The Fred Hollows Foundation has committed the largest financial investment dedicated to closing the gap in Australian eye health.

First Australians are three times more likely to develop blindness and 12 times more likely to have cataracts – the leading cause of blindness.

Launching their Indigenous Australia Program Five Year Country Strategy on the organisations 27th anniversary, the Foundation aims to inject at least $40 million into bettering the health of Aboriginal and Torres Strait Islander people.

The Fred Hollows Foundation Indigenous Australia Program Manager, Shaun Tatipata said although the organisation has worked towards eye health equity in the last decade there is still more progress to make.

“Ultimately what we are striving to achieve is … to close the gap in eye health for Torres Strait Islander and Aboriginal people. In doing that we aim to lay the foundations for us as a nation to move towards excellence in eye care,” Mr Tatipata said.

The Fred Hollows Foundation’s Indigenous Australia Five Year Country Strategy centres around five main goals, which include:

  • Ensuring effective cataract treatment and refractive error prevention and treatment is available to all First Nations people
  • Eliminating Trachoma in Australia – an infectious disease which can result in blindness
  • Rolling out accessible, effective and time-sensitive treatment for diabetic retinopathy for all First Australians.

The program will begin its wrap up in 2024.

“What does success look like in 2024? Markers of success for us is around achieving parity, and empowering and supporting Aboriginal Community Controlled Health Services to deliver their own eye health services,” Mr Tatipata said.

“We also hope to establish pathways into eye care for Aboriginal and Torres Strait Islander people. Our representation within eye care professions is important and we are working with all sorts of partners to make sure those pathways are there and those opportunities are given.”

The project will also work in parallel with the Strong Eyes, Strong Communities plan developed by Vision 2020 Australia and promote governments to adopt the plan nationally.

“This strategy aligns with Strong Eyes, Strong Community, which will allow us to scale up the necessary services to meet population needs,” Mr Tatipata said.

“The strategy tries to ensure the closing of that gap by adopting those recommendations from the Strong Eyes, Strong Communities plan and it lays that foundation to ensure local capacity is strengthened so that gap doesn’t reopen in the future.”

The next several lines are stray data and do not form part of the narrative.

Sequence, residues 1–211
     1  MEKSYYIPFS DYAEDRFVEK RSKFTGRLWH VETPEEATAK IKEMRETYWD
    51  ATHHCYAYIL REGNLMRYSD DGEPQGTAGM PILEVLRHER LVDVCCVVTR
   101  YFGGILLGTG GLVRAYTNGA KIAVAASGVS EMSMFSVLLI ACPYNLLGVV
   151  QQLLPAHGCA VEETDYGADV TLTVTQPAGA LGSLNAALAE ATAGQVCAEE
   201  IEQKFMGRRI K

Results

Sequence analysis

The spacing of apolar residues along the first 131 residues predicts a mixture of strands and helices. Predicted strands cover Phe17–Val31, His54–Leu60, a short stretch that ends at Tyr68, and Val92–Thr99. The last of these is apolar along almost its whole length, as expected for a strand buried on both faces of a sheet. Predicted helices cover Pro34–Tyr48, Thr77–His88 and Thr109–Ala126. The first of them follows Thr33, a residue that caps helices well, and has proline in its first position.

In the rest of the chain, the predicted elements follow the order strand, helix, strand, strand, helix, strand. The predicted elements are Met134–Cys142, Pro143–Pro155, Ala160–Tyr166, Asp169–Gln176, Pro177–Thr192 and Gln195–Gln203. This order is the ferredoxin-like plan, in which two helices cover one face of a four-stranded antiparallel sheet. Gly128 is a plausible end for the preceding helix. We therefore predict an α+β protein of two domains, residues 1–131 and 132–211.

The strategy aligns directly with the goals and vision of founder, Fred Hollows.

“Fred was a champion, a lot of his work was all about supporting Aboriginal and Torres Strait Islander people to succeed in health and to address the social justice issues he witnessed,” Mr Tatipata said.

“A big part of this approach is drawing from the way Fred approached it back in the day – he knew the only way to deliver high quality, culturally appropriate eye care in communities was to ensure that Aboriginal and Torres Strait Islander people were involved in the delivery.”

The Fred Hollows Foundation CEO, Ian Wishart said that the innovative spirit of Mr Hollows lives within the new strategy.

“Empowerment is at the heart of what we do, and today is about empowering Aboriginal and Torres Strait Islander peoples by giving their eye health an ambitious way forward,” Mr Wishart said.

The launch was hosted by Redfern’s Aboriginal Medical Service, an organisation which received donated resources from Mr Hollows when first established.

Guests included Shadow Minister for Indigenous Australians Linda Burney and Founding Director of the Foundation, Gabi Hollows AO.

Mr Tatipata hopes to extend thanks to those assisting the development and delivery of the strategy.

“There was a lot of love in the room – to take it back to the Aboriginal Medical Service in Redfern, it made it that extra bit special,” Mr Tatipata said.

“We want to thank the Australian Government and our partners for supporting our work and we ask that they join in our efforts to close the gap on eye health for good.”

More information on The Fred Hollows Foundation’s Indigenous Australia Program Five Year Country Strategy can be accessed here:

By Rachael Knowles